King Solomon offers us guidance in Kohelet, which we will read on Sukkot, “There is a time for everything under the Heavens…. a time to mourn and a time to dance.” This Simchat Torah, with tears in our eyes, we will dance.

Synagogues around the world will open their Aron HaKodesh on Simchat Torah night and take out several Torah scrolls. One, or more, will be adorned with a new me’il (Torah cover), designed to mark the first yahrzeit of October 7th. This me’il will be identical to the ones which will be created for 1600 synagogues across the world. This beautifully designed me’il will proclaim that this Torah is dedicated in memory of the 1200 souls and the many soldiers and hostages who have since died, Al Kiddush Hashem. Each Torah me'il will feature the name of one of the kedoshim embroidered onto it. Communities around the world will dance with these Torah scrolls – thousands of communities, with hundreds of thousands if not millions of Jews being connected through this project.

The Jewish world will be unified, knowing that across the globe, Jews are dancing with Torah scrolls that collectively link us all with the events of October 7th, and inspire us to realize that “Am Yisrael Chai.”

Synagogues will encourage their members to come and dance with the newly robed scroll, to remember the fallen, by holding their Torah high, so that they can say: “We will not forget what happened on Simchat Torah last year, but we are determined to dispel the darkness with light.”
This project will symbolize the Jewish People’s resilience, our ability to find hope in the face of tragedy.

Over 1600 communities across the globe will unite for Israel and the Jewish people.

What is the cost to participate in the Simchat Torah Project?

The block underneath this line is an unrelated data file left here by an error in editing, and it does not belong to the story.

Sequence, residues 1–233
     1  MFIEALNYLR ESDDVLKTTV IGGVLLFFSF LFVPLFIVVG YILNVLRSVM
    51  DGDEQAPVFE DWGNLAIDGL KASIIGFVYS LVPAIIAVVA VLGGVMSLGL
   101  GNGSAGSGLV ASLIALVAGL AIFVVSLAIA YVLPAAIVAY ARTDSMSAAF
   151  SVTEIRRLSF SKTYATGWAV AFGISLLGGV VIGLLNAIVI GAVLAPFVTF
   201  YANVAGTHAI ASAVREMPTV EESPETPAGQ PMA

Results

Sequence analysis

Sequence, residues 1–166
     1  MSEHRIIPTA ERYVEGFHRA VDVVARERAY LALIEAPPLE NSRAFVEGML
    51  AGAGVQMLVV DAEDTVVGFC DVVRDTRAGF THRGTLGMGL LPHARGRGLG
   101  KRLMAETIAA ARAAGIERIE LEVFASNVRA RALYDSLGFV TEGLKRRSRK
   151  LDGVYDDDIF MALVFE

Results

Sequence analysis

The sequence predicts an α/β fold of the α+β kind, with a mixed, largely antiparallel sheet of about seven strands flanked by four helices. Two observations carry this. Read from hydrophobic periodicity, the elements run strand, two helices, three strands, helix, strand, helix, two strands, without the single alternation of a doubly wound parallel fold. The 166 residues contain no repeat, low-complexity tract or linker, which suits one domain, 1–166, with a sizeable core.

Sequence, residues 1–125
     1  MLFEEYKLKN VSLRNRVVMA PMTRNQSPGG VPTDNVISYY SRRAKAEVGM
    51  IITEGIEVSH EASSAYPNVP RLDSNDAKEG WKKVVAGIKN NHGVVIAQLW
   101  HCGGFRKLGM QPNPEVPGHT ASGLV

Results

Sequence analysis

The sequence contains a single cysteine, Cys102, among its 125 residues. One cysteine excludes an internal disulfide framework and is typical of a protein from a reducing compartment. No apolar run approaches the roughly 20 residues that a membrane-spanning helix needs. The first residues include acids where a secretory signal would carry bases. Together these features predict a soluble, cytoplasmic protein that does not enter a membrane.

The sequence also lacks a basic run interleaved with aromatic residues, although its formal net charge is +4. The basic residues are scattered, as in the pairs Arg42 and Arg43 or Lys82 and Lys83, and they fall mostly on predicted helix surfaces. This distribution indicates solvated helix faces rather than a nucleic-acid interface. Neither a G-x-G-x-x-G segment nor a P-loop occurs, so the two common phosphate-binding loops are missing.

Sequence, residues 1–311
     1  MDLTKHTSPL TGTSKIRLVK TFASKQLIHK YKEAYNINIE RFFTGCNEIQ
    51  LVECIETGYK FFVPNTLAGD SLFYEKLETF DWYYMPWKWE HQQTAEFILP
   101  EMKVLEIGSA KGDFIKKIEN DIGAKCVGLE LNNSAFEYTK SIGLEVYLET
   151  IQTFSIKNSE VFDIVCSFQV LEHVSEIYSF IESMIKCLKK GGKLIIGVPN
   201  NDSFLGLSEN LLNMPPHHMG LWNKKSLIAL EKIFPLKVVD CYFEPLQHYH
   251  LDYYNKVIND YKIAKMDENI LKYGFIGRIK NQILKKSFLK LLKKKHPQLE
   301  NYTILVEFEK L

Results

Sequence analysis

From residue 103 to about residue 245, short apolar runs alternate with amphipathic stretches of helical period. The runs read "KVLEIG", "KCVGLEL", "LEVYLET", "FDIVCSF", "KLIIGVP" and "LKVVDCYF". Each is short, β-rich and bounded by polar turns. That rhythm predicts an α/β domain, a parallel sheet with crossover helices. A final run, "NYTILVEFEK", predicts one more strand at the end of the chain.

The basic cost is just $1,800, which covers the Torah cover as well as an invitation to Israel for the 2-day conference and launch.

During the launch in Israel, we will cover all ground costs over the 2 days. Flight and accommodation are NOT covered. We very much hope many communities can raise more than this, to allow us to cover the wider costs of this global project. 20% of all the monies raised by communities will go directly to projects in Israel supporting those affected most by the events of October 7th

How does my shul get involved?

You need to make sure your shul signs up on the website, so we can communicate with them about the Torah cover, the events in Israel and help them with their fundraising if needed.

When is the closing date to sign up my shul?

All shuls must be signed up and paid by July 21st.

What are the details for the launch event in Israel?

It is hoped that all communities will attend the launch in Israel where they will be receiving their Torah cover (Me’il) hopefully from the families of one of those killed on October 7th and the ensuing months.

The two-day launch will be from Monday 2nd September (9:00am) – Tuesday 3rd September (10:00pm)

We want to make sure that every bereaved family meets their community in Israel, which is why we hope that every participating community will come to Israel. However, if your community is really unable to come to Israel, you can nominate someone in Israel to represent your community.

How can individuals get involved?

You can sign up to receive updates, as well as donate to the project. Once all the communities have signed up, you can find a community to join for Simchat Torah this year!

How can we fundraise for our Torah Cover?

We are working with Charidy to allow communities to have a specific fund-raising page for their community to allow funds to more easily be raised, with a link to send to community members. You hopefully will choose to raise more than the $1,800 to allow the project to be even more impactful. Please be in touch with us if you wish to proceed.

What if we want a new Torah for this project, as well as the Torah Cover?

Please contact us at info@thesimchattorahproject.org, as soon as possible and we will put you in touch with our department dealing with either new or recovered Torah scrolls for communities. Obviously, there will be an extra cost for the Torah, which can range from $5,000 for a previously owned, repaired Torah to almost $100,000 for a new one. We will organize special discounts for those communities who are participating in the Simchat Torah Project.